Montemayor's Diana

Page 292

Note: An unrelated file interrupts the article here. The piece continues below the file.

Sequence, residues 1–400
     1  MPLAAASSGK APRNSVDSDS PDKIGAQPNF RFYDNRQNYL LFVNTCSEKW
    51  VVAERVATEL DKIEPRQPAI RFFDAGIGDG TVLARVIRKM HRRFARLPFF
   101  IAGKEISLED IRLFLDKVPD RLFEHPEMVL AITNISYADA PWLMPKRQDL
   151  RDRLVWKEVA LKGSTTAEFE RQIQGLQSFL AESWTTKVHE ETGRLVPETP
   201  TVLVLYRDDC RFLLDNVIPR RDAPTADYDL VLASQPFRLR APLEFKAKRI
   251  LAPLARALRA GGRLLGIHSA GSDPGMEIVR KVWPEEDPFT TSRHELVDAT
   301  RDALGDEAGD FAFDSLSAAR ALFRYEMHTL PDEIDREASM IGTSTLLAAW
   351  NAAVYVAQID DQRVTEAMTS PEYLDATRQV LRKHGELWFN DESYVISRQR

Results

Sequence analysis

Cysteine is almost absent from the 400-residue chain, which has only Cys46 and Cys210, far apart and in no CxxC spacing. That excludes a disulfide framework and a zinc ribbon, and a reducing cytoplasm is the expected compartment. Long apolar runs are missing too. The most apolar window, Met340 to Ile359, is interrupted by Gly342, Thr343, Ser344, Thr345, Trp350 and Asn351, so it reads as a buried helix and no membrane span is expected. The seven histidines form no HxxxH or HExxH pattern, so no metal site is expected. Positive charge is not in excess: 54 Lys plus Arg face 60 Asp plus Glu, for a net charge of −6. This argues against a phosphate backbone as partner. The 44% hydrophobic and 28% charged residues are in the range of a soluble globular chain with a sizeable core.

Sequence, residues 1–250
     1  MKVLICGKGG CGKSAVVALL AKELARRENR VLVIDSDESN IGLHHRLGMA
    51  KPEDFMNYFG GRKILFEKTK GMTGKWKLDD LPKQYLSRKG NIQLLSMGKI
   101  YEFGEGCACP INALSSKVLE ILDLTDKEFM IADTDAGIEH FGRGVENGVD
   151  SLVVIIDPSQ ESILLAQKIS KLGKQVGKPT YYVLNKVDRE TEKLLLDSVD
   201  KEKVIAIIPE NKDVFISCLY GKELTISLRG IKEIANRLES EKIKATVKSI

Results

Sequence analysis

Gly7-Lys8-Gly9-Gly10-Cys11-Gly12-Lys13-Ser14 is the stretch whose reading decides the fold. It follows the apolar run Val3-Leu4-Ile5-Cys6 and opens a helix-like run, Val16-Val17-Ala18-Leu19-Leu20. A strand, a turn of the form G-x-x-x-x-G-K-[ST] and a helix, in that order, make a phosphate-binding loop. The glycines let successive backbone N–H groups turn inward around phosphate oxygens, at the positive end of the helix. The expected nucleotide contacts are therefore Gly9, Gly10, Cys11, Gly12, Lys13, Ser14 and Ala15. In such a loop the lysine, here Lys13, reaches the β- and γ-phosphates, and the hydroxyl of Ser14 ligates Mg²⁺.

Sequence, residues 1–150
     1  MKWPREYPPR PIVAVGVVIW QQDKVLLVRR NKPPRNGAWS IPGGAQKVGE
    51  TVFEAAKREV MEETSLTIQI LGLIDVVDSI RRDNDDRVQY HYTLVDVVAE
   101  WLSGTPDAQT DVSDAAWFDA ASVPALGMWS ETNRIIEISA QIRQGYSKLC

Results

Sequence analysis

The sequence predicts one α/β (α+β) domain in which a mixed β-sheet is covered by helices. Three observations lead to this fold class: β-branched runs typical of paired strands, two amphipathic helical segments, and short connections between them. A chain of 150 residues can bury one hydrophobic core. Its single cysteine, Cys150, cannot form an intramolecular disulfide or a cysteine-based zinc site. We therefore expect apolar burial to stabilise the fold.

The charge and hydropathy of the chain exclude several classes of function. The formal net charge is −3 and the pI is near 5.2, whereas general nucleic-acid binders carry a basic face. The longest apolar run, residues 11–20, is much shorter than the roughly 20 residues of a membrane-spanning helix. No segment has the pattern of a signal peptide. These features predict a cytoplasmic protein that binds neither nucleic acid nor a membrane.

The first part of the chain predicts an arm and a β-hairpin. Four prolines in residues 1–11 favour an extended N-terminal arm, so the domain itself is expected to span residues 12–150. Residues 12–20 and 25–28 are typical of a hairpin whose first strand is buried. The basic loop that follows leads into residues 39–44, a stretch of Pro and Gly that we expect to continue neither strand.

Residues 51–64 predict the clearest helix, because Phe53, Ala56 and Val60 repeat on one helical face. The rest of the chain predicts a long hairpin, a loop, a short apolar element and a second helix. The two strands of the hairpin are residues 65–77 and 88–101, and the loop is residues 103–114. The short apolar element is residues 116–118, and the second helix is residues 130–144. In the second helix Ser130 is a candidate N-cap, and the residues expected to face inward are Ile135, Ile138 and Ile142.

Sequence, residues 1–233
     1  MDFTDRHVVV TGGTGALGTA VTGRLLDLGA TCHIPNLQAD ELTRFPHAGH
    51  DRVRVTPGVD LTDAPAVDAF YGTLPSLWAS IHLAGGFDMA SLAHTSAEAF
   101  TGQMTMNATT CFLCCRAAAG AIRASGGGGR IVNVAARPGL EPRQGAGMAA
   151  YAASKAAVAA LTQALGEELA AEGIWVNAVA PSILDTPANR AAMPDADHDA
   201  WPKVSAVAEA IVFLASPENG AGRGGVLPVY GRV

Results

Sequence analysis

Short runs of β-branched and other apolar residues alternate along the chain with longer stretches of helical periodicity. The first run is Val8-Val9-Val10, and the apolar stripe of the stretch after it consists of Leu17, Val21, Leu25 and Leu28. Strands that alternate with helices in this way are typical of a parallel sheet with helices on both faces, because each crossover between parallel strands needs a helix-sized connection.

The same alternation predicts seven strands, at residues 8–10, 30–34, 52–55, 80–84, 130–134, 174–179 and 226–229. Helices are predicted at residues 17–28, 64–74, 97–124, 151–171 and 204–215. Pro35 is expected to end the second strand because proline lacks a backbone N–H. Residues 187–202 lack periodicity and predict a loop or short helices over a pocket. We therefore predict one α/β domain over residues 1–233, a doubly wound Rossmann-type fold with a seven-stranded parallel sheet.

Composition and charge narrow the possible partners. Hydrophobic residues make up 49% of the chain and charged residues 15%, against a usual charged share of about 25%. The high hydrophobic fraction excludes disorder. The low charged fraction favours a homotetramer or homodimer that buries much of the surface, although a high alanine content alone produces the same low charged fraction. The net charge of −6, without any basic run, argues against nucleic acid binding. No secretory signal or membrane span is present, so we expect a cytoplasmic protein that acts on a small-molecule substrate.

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my determination vnto you, I will first haue you see what a faire gift Gorphorost hath giuen me, though his intent was far different from mine: But bicause with the rest, you shal also heare this, looke vpon it wel, & tel me your opinions, & then I will tell you more. Then we three comming neere togither, bicause he had viewed it well before, looked vpon it verie earnestly, euerie one of vs casting our eies vpon that which pleased vs most. We would not haue left looking once and twise againe vp∣on the curious sheepe-hooke, although we turned it not a few times about, if we had not a greater desire to heare what Parthenius had promised to tell vs. Who, when he saw vs expecting what he would say, began thus to speake vnto vs. Since the pitifull banishment of vs from our deere and natiue countrey is sufficiently manifest vnto you (most soueraigne Nymphes) and likewise the cause of our amorous staying in these parts, it would seeme but time ill spent and tedious to make repetition of the same againe. I will not say that my tarrying here to this present time hath beene onely commaunded by the request of my deere Delicius, for that your sweete com∣pany and sight was sufficient to haue forcibly detained here a worthier person then my selfe. But that which I minde to tell you is, that as to this hower my being here hath beene perhaps conuenient; so from this day forward my departure is needfull, and in such sort that (all affection laid aside) you would iudge there is no other pos∣sible thing for our auayle. Whereof bicause you may not be in suspence, and of my late determination, if with attention you will giue eare vnto me, the inexcusable ne∣cessitie of my intended departure shal be cleerly known vnto you. You are not igno∣raunt of the odde and inconuenient loue of fierce Gorphorost with thee faire Stela, nor of the euen and proportionable loue, or of the sound (to say better) and perfect affection of Delicius with thee againe faire Stela. But loue that discouers all things, hath suggested into the fierce Shepherds eares (as by his song you might well per∣ceiue) that he hath for riuall (if it may be so saide) my deere brother. If he grieued thereat, your selues haue heard him sing it on the top of yonder rocke: and being in his company that same morning before, I heard it from his owne mouth, where he said vnto me, that he purposed to be reuenged on him, and onely for the great loue and friendship he bare me, protested that he deferred the same. But now not able to suffer it any longer, and not knowing by what meanes to be auenged of his aduer∣sarie, without executing the punishment on me, for the great likenes betweene vs, and for auoiding the harme that might come thereof, he gaue me this sheep-hooke, bicause by carrying it, he might know me from him, the which for that it was offe∣red me for a cruell act, I then refused: but afterwards seeing his great rage, by stu∣dying out a good meanes for both our auailes, I tooke it. And this was my deuise, I told him that Delicius by my counsell and perswasion would go his waies; so that he might giue me the sheep-hooke, whereby he might know that I remained still in this countrey. For which departure I craued eight daies respit, which he willingly graunted me. Now therefore it behooues me to go seeke out my Father, with whom or without him, within a certaine time I will returne hither againe, where Delicius in the meane time may stay in my place, and visite Gorphorost in my name to dis∣semble the better with him; whom before I will aduise, and acquainte with all that I haue passed with him, because hee may thinke it is I. This did Par∣thenius saie with ill vttered wordes, for the greefe of taking his leaue of Deli∣cius and mee, whome hee loued so much, woulde not let him frame them any better. None of vs three had then the courage, to answere any thing to Par∣thenius wounding wordes, for the great greefe that wee conceiued of his sud∣den


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